12.7 seconds, and getting it going from a standstill or hauling it up a particularly steep hill requires a high level of patience. The top speed is pegged at a fairly modest 109mph, but you are unlikely to get near that, because if you try and accelerate a bit too hard the engine soon becomes noisy and intrusive, so it’s better to just sit back and relax. The six-speed automatic does a good job of slushing between the gears but it can take quite a long time to react when you need a sudden burst of speed. We haven’t yet tried the manual version – and while this is officially a tiny bit quicker, the auto is probably a better bet for those customers who don’t fancy a thorough workout of their left thigh on each and every journey down to the shops.
Fitting that new four-cylinder engine has made a small dent in the running costs of the Land Cruiser when compared with the older V6 diesel but this is still a big car, which unfortunately means when the bills do roll in, they’ll be quite big too. An official CO2 figure of 194g/km is roughly the same as a sport BMW M4, and several tax bands higher than a seven-seat Volvo XC90 or Audi Q7, both of which have more powerful engines. The claimed economy figure looks good on paper – 39.2mpg for the auto, a little lower for the manual – but in real world conditions, or when carrying a few passengers, 25mpg is a more realistic daily consumption. That high CO2 figure also means paying a relatively hefty amount of road tax, or if you are a company car driver, Benefit-in-Kind (BIK) tax. Insurance is also on the steep side, despite the relatively modest output from the engine, but no worse than what you’d pay in many rivals. There is a silver lining though, because the famed reliability of this model means that residual values for Land Cruisers are very high, especially if you stick with the seven-seat automatic version, as the entry-level three-door and manual models will lose their value a bit quicker.
Range Rovers receive heaps of plaudits for their fancy cabins and stately driving dynamics; but languish right at the bottom of almost every reliability survey that you’ll be likely to read. Enter the Land Cruiser – this is a big SUV that has an unimpeachable record when it comes to reliability so you can place total faith in its ability to take you anywhere, and get you home. It uses a set of mechanical components that have been tried and tested in some of the harshest environments on the planet and come back fighting, while the interior feels as durable and solid as stonemasonry and will look the same as it did when it left the dealership even after years of abuse. Toyota as a brand finished fourth overall in the latest round of manufacturer results from Warranty Direct, while Land Rover came in a lowly 37th place. Its confidence in this area shows in the standard five-year warranty, which is good for up to 100,000 miles, and two years longer than anything you’ll get from Volvo, Audi, or Mercedes without paying. Our owner reviews thoroughly back this hard-earned reputation up, with glowing reports about years of faultless service and hassle free motoring for every generation since 2002.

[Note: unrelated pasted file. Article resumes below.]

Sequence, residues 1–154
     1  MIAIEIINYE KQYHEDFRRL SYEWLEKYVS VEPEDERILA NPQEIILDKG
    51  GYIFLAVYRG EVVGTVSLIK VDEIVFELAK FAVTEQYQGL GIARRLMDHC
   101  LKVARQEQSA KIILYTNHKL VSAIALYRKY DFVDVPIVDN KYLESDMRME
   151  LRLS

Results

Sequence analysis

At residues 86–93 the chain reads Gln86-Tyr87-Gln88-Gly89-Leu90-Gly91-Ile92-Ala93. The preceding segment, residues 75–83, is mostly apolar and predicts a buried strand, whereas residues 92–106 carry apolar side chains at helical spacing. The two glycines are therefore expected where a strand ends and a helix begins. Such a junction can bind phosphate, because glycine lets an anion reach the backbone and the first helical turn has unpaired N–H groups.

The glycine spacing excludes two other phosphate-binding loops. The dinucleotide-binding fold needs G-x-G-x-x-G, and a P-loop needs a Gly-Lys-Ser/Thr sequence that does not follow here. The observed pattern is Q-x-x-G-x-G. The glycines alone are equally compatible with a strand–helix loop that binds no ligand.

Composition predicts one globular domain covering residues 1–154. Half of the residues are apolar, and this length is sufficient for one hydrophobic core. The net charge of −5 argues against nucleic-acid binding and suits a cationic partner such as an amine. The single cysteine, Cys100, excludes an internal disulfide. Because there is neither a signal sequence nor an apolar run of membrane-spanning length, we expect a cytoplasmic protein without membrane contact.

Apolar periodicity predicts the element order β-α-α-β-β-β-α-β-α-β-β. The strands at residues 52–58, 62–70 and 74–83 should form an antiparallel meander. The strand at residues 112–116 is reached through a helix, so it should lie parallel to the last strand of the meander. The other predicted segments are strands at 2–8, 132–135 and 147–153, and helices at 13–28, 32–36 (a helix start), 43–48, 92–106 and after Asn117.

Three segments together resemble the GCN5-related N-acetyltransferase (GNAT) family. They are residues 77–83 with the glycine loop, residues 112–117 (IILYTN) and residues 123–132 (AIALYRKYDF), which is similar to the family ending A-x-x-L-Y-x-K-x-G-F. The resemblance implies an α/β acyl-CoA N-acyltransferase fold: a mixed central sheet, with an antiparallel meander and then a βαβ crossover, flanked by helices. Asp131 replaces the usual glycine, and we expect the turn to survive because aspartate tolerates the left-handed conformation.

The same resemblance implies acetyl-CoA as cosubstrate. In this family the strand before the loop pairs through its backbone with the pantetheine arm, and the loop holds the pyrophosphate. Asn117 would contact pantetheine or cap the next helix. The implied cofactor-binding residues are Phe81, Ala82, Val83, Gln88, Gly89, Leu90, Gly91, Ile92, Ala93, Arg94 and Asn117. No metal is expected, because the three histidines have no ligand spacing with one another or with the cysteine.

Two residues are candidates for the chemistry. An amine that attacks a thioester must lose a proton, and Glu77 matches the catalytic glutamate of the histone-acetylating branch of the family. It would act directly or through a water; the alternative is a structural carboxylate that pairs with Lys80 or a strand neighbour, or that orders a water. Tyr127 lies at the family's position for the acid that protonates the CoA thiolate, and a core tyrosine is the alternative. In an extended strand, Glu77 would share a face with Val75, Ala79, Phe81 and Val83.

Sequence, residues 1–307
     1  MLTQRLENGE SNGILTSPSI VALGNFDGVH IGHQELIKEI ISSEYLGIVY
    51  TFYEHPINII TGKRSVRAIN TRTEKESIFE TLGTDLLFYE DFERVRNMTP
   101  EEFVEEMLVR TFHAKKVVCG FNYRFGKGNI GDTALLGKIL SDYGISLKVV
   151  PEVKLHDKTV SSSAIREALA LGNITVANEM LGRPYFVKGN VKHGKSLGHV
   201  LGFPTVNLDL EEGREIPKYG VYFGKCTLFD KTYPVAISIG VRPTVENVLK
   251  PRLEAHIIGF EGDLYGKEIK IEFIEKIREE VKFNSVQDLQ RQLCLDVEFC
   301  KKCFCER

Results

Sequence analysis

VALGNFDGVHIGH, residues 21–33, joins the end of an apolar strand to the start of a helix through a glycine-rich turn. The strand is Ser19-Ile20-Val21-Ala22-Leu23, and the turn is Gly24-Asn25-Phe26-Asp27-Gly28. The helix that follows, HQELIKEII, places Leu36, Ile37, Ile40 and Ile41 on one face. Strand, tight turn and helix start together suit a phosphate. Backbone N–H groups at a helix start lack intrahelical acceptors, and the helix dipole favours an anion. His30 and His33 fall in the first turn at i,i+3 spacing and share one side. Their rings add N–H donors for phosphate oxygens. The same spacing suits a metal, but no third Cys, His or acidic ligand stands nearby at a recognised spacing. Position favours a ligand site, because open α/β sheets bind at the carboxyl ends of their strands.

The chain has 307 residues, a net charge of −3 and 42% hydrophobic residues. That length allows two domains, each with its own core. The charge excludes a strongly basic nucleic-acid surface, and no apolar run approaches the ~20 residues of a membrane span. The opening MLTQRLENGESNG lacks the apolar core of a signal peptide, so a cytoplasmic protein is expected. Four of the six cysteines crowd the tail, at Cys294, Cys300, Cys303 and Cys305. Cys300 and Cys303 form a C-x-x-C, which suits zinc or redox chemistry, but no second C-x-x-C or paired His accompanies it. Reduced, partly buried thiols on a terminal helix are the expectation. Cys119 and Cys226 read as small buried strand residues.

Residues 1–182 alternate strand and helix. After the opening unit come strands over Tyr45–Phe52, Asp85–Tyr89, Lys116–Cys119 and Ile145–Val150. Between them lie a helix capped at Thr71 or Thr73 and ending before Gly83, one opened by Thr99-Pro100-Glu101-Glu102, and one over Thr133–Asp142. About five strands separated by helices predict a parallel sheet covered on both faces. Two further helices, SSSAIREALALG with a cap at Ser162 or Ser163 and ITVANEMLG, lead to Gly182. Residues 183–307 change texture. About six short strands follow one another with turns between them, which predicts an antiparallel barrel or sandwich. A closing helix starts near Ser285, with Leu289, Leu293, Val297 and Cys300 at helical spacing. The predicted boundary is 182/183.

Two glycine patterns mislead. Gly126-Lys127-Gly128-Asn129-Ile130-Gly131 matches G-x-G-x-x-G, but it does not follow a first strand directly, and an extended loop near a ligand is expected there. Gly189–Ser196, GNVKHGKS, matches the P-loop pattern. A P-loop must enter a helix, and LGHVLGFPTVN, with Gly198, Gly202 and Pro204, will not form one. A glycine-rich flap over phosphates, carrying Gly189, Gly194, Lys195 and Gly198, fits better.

The Land Cruiser has not received the full crash test treatment from safety body Euro NCAP but its tough body and standard haul of seven airbags should provide ample protection in the event of a crash. Recent updates to the range include an optional Safety Pack which brings with it a full suite of all the latest safety technology, with adaptive cruise control a pre-crash braking system, lane departure warning with blind spot monitors, a rear traffic monitor for reversing out of the driveway, and a set of 360 degree cameras for traversing rocky terrain. It costs a considerable amount – but that does means if you do want the extra security of these systems then this pack is a one-stop shop, taking the hassle out of adding them individually. It also has the basics covered, with traction and stability controls, ISOFIX points for child seats, child safety locks and a system to keep the whole car stable when you’re towing a big trailer.
If you want to buy your Land Cruiser in its most basic form than you can do just that – but the Active trim comes without many of the luxuries you might expect from a large SUV. So it has cloth faced seats, manual controls for everything, goes without sat-nav, but does still have a touch-screen, air-conditioning, a reversing camera, cruise control and DAB radio. So if you just want a workhorse, that’s the one to go for. However, the step up to the higher trims is a significant one, and by contrast the top-spec Invincible versions are so highly equipped that you’re unlikely to need to add anything at all from the options list. A DVD screen for the people in the back, electrically adjustment for the seats and steering wheel, heaters for the seats in the front and back, a 17-speaker JBL sound system, sat-nav, powered folding rear seats for easier access to the boot, pretty much you name it, and the Invincible has it. This is the kind of generosity we like to see – trying to spec a Land Rover Discovery to a similar level would cost you dearly, but we do think the mid-range Icon is slightly better value though.
Truly rugged off-roaders are an endangered species – and the Land Cruiser is a fine example of this dying breed. Superb reliability, strong equipment levels and brilliant all-terrain capability (all without the pretense of some other ‘luxury’ SUVs) give it a strong niche appeal. Treat it like a normal car and it would be easy to criticise the fairly slow, inefficient engine and wallowy handling, but if you a 4x4 to use and abuse for a decade, then this is the one for you.